netstat -plntu

The Apache Tomcat is running the server under port 8080.

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Another way for testing the apache tomcat is by visiting the server IP address with port 8080.

http://192.168.10.100:8080

And you will see the apache tomcat homepage as below.

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Apache Tomcat has been installed on Ubuntu 18.04.

Now run the command below to stop the apache tomcat.

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$CATALINA_HOME/bin/shutdown.sh
chown -hR tomcat:tomcat /opt/tomcat/
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Configure Apache Tomcat as a Service

In this tutorial, we want to run Apache Tomcat as tomcat user with a systemd service file so it can be started and stopped easily. Now we need to create the ‘apache-tomcat.service’ file.

Go to the systemd system directory and create a new file ‘apache-tomcat.service’.

cd /etc/systemd/system/
vim apache-tomcat.service

Paste the following configuration there:

[Unit]
Description=Apache Tomcat 9 Servlet Container
After=syslog.target network.target

[Service]
User=tomcat
Group=tomcat
Type=forking
Environment=CATALINA_PID=/opt/tomcat/tomcat.pid
Environment=CATALINA_HOME=/opt/tomcat
Environment=CATALINA_BASE=/opt/tomcat
ExecStart=/opt/tomcat/bin/startup.sh
ExecStop=/opt/tomcat/bin/shutdown.sh
Restart=on-failure

[Install]
WantedBy=multi-user.target

Save and exit.

Now reload the systemd service.

systemctl daemon-reload

And start the ‘apache-tomcat’ service using the systemctl commands below.

systemctl start apache-tomcat
systemctl enable apache-tomcat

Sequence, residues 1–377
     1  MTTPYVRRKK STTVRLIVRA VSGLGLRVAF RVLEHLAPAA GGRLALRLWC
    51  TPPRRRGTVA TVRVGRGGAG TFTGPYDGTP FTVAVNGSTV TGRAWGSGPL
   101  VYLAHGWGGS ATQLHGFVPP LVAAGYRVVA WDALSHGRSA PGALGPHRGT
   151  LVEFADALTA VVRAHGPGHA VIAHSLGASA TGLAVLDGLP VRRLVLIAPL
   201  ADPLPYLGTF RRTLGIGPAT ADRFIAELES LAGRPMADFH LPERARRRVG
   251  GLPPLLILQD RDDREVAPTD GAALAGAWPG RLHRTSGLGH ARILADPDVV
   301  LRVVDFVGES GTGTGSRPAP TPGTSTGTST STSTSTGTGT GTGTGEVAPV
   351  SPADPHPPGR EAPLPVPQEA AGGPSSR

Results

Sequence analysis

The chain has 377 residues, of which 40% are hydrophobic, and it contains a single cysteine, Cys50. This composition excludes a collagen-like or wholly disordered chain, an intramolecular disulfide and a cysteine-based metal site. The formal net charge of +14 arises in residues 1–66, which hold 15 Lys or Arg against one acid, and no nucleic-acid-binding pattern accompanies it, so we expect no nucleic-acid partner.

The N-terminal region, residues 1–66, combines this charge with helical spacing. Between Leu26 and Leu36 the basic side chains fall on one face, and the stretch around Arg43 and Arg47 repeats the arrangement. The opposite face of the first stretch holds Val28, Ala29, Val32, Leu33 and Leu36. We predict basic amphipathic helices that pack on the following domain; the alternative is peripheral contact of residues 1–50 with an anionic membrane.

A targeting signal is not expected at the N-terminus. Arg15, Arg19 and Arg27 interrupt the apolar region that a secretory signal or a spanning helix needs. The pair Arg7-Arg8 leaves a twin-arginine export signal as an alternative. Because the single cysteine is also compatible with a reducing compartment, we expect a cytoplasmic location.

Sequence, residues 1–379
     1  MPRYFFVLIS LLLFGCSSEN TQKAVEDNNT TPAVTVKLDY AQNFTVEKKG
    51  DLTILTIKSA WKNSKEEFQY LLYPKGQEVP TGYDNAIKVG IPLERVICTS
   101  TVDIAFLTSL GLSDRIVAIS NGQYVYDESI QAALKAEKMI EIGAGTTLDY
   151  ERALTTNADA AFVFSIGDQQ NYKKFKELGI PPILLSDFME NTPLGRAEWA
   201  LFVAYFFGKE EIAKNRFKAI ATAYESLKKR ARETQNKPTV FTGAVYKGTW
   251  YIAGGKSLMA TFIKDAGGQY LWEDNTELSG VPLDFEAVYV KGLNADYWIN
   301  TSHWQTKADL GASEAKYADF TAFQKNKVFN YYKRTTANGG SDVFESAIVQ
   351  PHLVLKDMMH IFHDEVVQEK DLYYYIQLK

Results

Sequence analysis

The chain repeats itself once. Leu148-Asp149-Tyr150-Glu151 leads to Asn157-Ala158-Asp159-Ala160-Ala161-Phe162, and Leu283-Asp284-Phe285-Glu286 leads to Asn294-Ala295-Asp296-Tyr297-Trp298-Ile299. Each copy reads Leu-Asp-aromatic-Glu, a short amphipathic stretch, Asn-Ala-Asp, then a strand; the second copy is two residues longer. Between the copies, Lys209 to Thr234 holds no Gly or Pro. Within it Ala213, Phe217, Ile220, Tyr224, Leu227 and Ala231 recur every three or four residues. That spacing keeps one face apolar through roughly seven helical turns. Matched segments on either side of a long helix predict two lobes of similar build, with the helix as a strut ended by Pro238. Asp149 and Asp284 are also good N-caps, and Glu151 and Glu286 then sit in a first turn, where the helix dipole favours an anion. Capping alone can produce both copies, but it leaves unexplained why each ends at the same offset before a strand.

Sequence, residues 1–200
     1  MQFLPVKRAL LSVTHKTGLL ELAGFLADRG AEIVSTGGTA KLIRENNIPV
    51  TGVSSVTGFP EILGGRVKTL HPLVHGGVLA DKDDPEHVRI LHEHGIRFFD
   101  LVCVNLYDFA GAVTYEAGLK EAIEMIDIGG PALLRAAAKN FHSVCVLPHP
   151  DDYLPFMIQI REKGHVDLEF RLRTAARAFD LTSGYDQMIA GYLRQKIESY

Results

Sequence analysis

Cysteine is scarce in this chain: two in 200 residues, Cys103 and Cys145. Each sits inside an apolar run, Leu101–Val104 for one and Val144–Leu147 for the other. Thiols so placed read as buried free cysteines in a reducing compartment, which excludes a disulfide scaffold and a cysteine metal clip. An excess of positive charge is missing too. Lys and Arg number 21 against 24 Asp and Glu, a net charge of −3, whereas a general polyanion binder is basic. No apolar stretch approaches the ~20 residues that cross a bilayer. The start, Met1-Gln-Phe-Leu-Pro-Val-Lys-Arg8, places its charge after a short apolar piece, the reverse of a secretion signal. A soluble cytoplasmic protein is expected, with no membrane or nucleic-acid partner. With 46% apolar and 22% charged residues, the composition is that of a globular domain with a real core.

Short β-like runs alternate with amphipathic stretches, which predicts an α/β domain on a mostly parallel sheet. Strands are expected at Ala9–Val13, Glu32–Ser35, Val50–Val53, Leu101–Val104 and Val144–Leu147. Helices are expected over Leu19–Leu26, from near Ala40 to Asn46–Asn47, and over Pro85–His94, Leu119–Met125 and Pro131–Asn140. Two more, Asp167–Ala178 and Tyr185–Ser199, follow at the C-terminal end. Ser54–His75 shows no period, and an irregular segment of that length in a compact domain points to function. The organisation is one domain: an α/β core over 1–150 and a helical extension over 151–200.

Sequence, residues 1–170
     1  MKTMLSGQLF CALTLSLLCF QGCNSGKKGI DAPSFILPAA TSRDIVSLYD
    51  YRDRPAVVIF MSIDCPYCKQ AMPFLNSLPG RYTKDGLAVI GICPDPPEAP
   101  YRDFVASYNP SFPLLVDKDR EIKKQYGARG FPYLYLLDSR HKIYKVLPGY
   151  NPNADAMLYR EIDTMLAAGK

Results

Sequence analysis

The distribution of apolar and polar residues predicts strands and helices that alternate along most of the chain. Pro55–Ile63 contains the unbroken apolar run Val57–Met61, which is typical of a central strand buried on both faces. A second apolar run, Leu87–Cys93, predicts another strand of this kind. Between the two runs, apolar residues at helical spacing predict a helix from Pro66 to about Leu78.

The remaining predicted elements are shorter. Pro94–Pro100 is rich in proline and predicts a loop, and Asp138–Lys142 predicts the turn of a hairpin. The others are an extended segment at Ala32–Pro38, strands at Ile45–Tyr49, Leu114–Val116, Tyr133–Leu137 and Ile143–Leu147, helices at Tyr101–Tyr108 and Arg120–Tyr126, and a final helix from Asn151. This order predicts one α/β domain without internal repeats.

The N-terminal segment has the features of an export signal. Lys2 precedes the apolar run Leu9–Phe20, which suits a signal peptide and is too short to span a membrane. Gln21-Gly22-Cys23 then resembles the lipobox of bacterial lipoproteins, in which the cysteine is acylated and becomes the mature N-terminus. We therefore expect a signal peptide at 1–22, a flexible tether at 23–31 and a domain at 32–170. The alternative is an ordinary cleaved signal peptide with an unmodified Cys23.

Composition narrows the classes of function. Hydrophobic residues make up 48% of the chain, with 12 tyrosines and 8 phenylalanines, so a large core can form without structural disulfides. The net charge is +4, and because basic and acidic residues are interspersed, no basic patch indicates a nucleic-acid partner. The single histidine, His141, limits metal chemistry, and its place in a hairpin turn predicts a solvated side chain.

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The Apache Tomcat is now running as a service on Ubuntu 18.04, check it using following commands.

netstat -plntu
systemctl status apache-tomcat
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The Apache Tomcat is now running and it’s using the port 8080 as a default port.

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Configure Apache Tomcat User

In this step, we will configure the users for Apache Tomcat. We will add a new user to access the manager UI, and then allow the manager and host-manager access.

Go to the ‘/opt/tomcat/conf’ directory and edit the ‘tomcat-users.xml’ file using vim.

cd /opt/tomcat/conf
vim tomcat-users.xml

Paste the following configuration before the closing configuration ‘</tomcat-users>‘.

<role rolename="manager-gui"/>
<user username="hakase" password="hakasepassword01" roles="manager-gui,admin-gui"/>

Save and exit.

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Now allow external access to the ‘manager’ dashboard by editing it’s configuration ‘context.xml’ file.

cd /opt/tomcat/webapps/manager/META-INF/
vim context.xml

Comment the ‘allow’ line 19-20.

<!--  <Valve className="org.apache.catalina.valves.RemoteAddrValve"
         allow="127\.\d+\.\d+\.\d+|::1|0:0:0:0:0:0:0:1" /> -->

Save and exit.

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And for the ‘host-manager’.

cd /opt/tomcat/webapps/host-manager/META-INF/
vim context.xml

Comment the ‘allow’ line 19-20.

<!--  <Valve className="org.apache.catalina.valves.RemoteAddrValve"
         allow="127\.\d+\.\d+\.\d+|::1|0:0:0:0:0:0:0:1" /> -->

Save and exit.

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Restart the Apache Tomcat service using the systemctl command.

systemctl restart apache-tomcat

The apache tomcat-users configuration, manager, and host-manager configuration has been completed.

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Testing

Open your web browser and type in your server IP with port 8080. You will see the Apache Tomcat home page.

http://192.168.10.100:8080/

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Go to the manager dashboard with the URL below:

http://192.168.10.100:8080/manager/html

Type the admin username ‘hakase’ with password ‘hakasepassword01’ from step 5

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Now go to the host-manager dashboard through URL below:

http://192.168.10.100:8080/host-manager/html

Enter the admin user and password from step 5, you will see the Tomcat Virtual Host Manager.

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Apache Tomcat 9.0.8 has been installed successfully on Ubuntu 18.04 Bionic Beaver